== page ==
By Ricardo Landaverde

We’ve seen it. The pictures shared on websites and social media pages from cons, where an awesome cosplayer and their talented cosplay are shown for everyone to see. The only problem is that you want to see more of their work and follow them on whatever social media pages they have. However since the picture has been shared so many times its hard to find the original source, and whatever watermark the photographer had is nowhere to be seen. What then?

In this day and age, where information is easily accessible, citing and giving credit to both cosplayer and photographer shouldn’t be an issue, yet there has been numerous times where they aren’t being given credit. It isn’t a matter of giving attention to both cosplayer and photographer either, nor should we “be glad” that our work is even being shown online in the first place. To people in our line of work, we work hard to make each person look as amazing as they can, just as each cosplayer tries to work with each photographer as best they can.

I had asked a couple of people who have been in front and behind the camera on their input on how to approach a situation in which they come across properly uncredited photos being shared.

One of my favorite bits of input was from sweetheart Sorairo-Days (you should follow her work, she’s amazing!) who’s biggest pet peeve is not recognizing nor crediting works:

“I think there’s no excuse not to give credit, whether you’re the original poster or not. People put a lot of hard work into the content they share online and deserve a link back to their account! If people come across something that is missing credit they should take the time to figure out the original source so a poorly sourced post doesn’t continue to make its rounds. Cosplay in all facets is a very collaborative hobby & community and I think people lose sight of that when it’s in an area of the hobby they’re not particularly active or good at”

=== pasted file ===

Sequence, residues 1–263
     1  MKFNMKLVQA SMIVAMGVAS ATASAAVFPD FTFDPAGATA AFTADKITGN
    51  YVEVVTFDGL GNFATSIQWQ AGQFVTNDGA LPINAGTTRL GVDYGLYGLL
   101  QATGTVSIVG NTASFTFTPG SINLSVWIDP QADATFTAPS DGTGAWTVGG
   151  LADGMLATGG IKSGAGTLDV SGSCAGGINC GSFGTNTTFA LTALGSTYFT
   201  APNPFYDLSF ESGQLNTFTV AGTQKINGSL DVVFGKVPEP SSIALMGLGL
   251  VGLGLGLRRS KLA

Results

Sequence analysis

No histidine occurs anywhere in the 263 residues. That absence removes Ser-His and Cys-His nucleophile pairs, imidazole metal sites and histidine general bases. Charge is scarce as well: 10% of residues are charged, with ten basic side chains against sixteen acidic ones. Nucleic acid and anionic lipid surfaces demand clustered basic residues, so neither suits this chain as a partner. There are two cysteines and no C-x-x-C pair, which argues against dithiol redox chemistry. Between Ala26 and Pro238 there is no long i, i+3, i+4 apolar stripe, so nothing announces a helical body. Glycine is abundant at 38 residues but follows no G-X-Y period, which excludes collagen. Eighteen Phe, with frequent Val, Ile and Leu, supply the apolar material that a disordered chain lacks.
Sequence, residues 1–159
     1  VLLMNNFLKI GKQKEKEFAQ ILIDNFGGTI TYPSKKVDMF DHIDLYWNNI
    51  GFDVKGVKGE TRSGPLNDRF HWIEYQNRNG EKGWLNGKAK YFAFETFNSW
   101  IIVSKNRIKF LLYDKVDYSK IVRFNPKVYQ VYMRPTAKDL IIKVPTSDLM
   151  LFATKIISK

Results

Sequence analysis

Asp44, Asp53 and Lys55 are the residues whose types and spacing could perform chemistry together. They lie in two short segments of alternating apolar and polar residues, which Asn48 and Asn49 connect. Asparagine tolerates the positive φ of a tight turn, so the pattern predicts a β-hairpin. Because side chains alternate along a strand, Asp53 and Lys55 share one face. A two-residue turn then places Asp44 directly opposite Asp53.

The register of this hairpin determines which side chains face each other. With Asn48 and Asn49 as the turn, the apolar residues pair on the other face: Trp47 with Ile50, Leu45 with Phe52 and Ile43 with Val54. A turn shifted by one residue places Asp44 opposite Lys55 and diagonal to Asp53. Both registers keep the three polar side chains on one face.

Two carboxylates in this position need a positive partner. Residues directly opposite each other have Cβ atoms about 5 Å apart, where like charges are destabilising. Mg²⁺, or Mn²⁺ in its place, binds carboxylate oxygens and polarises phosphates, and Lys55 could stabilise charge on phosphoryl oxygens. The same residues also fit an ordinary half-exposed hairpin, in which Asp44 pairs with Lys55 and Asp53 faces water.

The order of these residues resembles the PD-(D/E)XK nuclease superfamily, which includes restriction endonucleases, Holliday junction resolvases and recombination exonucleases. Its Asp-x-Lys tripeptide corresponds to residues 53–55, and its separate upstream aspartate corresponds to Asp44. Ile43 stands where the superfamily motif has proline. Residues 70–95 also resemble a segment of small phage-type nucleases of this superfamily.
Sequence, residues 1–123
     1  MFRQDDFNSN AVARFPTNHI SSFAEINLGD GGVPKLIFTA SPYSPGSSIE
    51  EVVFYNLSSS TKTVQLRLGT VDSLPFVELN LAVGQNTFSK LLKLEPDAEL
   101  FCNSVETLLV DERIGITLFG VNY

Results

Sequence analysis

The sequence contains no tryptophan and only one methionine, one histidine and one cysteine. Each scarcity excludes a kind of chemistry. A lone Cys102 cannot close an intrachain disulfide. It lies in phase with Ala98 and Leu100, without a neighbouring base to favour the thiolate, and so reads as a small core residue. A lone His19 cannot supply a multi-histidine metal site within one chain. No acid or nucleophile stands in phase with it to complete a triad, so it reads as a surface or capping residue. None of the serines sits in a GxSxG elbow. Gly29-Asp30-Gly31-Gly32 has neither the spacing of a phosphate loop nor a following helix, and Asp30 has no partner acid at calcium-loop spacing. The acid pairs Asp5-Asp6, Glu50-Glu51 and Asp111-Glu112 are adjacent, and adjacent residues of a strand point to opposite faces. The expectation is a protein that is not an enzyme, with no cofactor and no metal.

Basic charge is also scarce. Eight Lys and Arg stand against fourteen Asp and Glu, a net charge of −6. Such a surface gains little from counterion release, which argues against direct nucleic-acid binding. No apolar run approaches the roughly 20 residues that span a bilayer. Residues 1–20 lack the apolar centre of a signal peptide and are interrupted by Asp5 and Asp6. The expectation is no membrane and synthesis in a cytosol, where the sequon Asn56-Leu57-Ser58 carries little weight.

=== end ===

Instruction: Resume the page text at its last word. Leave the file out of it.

That actually stuck out to me because of how true that is. It genuinely isn’t difficult to search for the source, however we give credit as recognition.
If you simply ask us if you can share our work, honestly 9 times out of 10 we’ll say YES enthusiastically! When we get word that someone is sharing our works and ignoring the sourcing and heaven forbid, editing the watermarks out of pictures we uploaded, it not only upsets us, it genuinely is an insult to what we do.
So sometimes a direct share from our social media pages, or simply asking for the source, can go a long way to making us feel like our work is worth it.